After players departed the Owings Mills facility for their bye earlier this week, offensive coordinator Gary Kubiak was asked to assess the recent play of quarterback Joe Flacco with the Ravens standing at 6-4 in the AFC North.
Such questions about individual players are typically met with generic responses stating the individual is playing well or making a lot of progress, but Kubiak didn’t shy away from addressing the recent struggles of his quarterback. Since throwing 14 touchdowns and five interceptions while posting a 97.3 passer rating through the first seven games, Flacco has thrown three touchdowns and three interceptions with a 75.5 rating over the last three contests with the Ravens losing to Cincinnati and Pittsburgh before rebounding at home to beat lowly Tennessee last Sunday.
“That’s kind of what I’m looking at right now,” Kubiak said. “You go through phases throughout the course of a season. Joe went through a really hot stage [for] about three or four weeks. Then, we went through a stage here where we turned the ball over. We calmed that down last weekend, which is a big reason why we were able to be successful.”
Of course, the performance of the Ravens quarterback is always a polarizing topic as his biggest detractors blame him for all of the team’s failures while inevitably reminding everyone of his hefty contract. This then prompts a segment of Flacco’s strongest supporters pointing out all other offensive issues out of his hands while seemingly giving the seventh-year signal-caller a pass for how he’s played. As is typically the case, the reason for his recent decline in performance lies somewhere in between.
It’s no secret that the Ravens’ offensive line struggled to handle the pass rush of both the Bengals and the Steelers as Flacco was often harassed with pressure up the middle. Center Jeremy Zuttah was repeatedly pushed back in the pocket in both games and Steelers linebacker James Harrison suddenly looked like the 2008 version of himself in Week 9, but the quarterback can’t be completely absolved from criticism as he made some poor decisions that led to critical interceptions and often appeared rattled, which affected his accuracy and decision-making at times in both games.
The recent struggles with interior pressure carried over to the start of the Tennessee game as the quarterback continued the recent habit of throwing off his back foot, even when pressure wasn’t coming. And this is where some blame lies with the quarterback as Kubiak preaches good footwork and Flacco has often been quick to move when he hasn’t needed to or he has failed to step up in the pocket when pressure is coming off the edge.
There’s also been the issue of how effectively the Ravens are adjusting to blitzes with many questioning Flacco’s ability to audible at the line of scrimmage and Kubiak’s route concepts when opposing defenses are consistently pinning their ears back. If adjustments aren’t made on both fronts, opposing defenses will continue to copy the blueprint of Cincinnati and Pittsburgh.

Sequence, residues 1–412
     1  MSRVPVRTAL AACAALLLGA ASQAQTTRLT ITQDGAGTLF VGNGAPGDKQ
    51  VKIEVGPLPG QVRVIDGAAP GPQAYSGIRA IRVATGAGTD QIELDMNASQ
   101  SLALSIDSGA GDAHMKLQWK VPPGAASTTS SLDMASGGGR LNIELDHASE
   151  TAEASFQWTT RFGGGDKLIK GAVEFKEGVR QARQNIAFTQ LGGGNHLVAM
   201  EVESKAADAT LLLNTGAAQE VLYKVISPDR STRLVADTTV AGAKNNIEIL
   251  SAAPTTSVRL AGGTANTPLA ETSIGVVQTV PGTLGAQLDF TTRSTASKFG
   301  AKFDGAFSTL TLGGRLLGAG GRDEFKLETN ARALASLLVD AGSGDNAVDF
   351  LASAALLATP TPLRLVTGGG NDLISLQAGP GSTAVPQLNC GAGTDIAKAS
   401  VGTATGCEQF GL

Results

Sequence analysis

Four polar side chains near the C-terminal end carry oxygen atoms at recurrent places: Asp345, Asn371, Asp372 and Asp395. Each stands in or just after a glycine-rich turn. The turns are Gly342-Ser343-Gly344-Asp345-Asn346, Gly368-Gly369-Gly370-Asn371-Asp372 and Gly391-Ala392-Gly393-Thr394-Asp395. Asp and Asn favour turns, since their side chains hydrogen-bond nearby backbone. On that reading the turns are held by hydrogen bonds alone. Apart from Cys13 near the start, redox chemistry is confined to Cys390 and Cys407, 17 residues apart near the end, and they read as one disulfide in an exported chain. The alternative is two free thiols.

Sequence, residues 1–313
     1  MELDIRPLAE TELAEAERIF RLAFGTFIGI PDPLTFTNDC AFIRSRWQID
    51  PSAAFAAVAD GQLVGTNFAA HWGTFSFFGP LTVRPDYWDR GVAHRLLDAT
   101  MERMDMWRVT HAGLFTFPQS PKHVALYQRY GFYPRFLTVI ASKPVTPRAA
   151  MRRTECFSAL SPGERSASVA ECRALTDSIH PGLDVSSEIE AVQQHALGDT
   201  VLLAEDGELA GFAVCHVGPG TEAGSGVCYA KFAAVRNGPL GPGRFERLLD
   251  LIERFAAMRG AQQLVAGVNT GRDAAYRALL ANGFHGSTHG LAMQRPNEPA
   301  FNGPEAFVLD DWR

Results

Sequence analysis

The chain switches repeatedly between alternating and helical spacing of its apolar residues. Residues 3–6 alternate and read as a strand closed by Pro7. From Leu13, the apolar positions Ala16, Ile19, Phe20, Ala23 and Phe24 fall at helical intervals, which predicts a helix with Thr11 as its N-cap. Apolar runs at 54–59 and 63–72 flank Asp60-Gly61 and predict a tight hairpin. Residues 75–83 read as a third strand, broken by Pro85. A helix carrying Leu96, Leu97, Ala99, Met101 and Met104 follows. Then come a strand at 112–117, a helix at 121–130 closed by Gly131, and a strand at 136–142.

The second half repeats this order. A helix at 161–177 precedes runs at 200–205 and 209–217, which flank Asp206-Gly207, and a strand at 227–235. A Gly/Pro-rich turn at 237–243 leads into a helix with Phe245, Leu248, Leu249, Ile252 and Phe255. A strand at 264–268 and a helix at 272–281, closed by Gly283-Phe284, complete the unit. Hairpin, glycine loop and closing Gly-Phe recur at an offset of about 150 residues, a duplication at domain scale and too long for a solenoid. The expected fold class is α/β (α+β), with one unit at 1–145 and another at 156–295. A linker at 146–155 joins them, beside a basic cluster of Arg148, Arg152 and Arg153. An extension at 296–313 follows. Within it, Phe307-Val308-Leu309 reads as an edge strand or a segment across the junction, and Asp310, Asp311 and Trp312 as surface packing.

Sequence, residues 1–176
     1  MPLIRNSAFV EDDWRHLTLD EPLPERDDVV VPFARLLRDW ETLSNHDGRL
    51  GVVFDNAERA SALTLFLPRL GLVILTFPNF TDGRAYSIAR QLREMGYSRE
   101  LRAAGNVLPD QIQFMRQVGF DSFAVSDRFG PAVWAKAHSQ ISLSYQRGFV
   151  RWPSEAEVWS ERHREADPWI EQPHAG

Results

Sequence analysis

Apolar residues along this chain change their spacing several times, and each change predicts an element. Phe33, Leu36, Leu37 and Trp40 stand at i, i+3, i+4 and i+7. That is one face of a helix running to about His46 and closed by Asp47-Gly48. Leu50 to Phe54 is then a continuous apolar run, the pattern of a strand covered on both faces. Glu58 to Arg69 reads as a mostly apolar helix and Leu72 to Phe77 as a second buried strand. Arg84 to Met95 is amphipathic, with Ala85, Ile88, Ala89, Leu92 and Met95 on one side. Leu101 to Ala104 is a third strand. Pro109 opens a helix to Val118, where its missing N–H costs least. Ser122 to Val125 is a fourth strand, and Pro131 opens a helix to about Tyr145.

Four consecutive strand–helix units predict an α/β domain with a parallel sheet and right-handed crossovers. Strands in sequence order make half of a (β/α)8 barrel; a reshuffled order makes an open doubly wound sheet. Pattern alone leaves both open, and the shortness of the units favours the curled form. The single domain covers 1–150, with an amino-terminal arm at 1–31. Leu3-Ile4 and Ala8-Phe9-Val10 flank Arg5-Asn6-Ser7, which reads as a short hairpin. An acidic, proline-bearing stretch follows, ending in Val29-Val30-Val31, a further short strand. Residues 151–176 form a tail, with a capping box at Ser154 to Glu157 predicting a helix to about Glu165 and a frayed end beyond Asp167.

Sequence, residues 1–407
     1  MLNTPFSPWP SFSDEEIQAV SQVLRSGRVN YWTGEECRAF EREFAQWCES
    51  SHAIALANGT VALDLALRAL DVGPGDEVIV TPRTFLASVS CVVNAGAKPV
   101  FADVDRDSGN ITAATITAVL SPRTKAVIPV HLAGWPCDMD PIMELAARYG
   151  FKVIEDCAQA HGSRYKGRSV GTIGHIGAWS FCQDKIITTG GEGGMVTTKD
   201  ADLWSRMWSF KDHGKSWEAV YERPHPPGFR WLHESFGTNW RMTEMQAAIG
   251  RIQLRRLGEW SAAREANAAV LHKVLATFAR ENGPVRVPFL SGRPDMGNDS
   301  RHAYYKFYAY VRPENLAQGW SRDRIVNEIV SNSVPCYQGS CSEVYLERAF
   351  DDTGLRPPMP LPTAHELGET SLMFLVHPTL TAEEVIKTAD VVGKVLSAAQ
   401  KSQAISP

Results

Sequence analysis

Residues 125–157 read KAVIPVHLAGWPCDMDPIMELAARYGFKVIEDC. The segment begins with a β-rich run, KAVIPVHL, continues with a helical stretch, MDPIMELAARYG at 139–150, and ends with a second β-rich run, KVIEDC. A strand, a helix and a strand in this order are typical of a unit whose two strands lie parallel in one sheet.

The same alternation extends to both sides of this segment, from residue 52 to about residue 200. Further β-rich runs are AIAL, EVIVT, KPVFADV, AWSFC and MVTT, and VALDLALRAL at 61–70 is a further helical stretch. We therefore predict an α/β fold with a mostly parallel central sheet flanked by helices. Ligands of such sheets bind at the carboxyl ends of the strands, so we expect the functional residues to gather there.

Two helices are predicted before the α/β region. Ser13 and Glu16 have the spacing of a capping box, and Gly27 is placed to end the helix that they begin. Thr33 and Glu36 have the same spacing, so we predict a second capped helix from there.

“We have to clean up some of our decision-making,” Kubiak said, “and I think I can help him with that by how I call plays, too. So, that’s what I’m kind of trying to really check myself probably first before I go to Joe and say, ‘OK, this is what we’re going to do.’ That’s kind of what I’m trying to do right now.”
The truth is Flacco is having a good year overall as he’s on pace to throw a career-high 27 touchdowns and eclipse the 4,000-yard mark for the first time in his career. His 62.4 percent completion rate is his best since 2010, but the Ravens will need him to elevate his play down the stretch considering the defensive concerns in the secondary.
It is worth noting that Flacco has thrown 10 of his 17 touchdowns in three games against the lowly NFC South as Carolina, Tampa Bay, and Atlanta all currently rank in the bottom eight in the NFL in total defense. In his other seven games this season — five against the AFC North — Flacco has thrown seven touchdowns and six interceptions for a 77.2 passer rating.
Overall, the offensive line has done a good job protecting Flacco as he’s only been pressured on 30 percent of his dropbacks — the 10th-best mark in the league, per Pro Football Focus — but his 61 percent accuracy rate (passes completed including drops) under pressure ranks only 16th in the NFL. Flacco’s receivers have often let him down this year as they’re tied for third in the NFL with 23 dropped passes, according to PFF, and questions will remain about how many consistent playmakers the quarterback really has to throw to.
Kubiak’s comments shouldn’t be interpreted as sounding the alarm over how Flacco has played, but the Ravens offense must be better down the stretch in all phases. The season-ending loss of Dennis Pitta has limited Baltimore’s options over the middle portion of the field, but the return of Michael Campanaro could provide a complement to Owen Daniels in that area of the field as the rookie was slowly beginning to emerge as a short-to-intermediate target prior to his hamstring injury in Week 8.
More than anything, the last three weeks have shown the offense under Kubiak remains a work in progress with more room to grow down the stretch. And Kubiak trying to bring out the best in Flacco will be critical in determining the Ravens’ fate at the end of the season as they’ll likely need to win at least one or two of their last three road games (New Orleans, Miami, and Houston) to put themselves in position to return to the playoffs.
“I’m trying to go back and really look at the things that he’s very comfortable with and doing very well, and maybe some of the things I’ve asked him to do here over the course of a few weeks that maybe got him out of that comfort zone,” Kubiak said. “I’m trying to find that as a coach as we get into these last six weeks [and] get him as comfortable as I can. But Joe is working really hard.”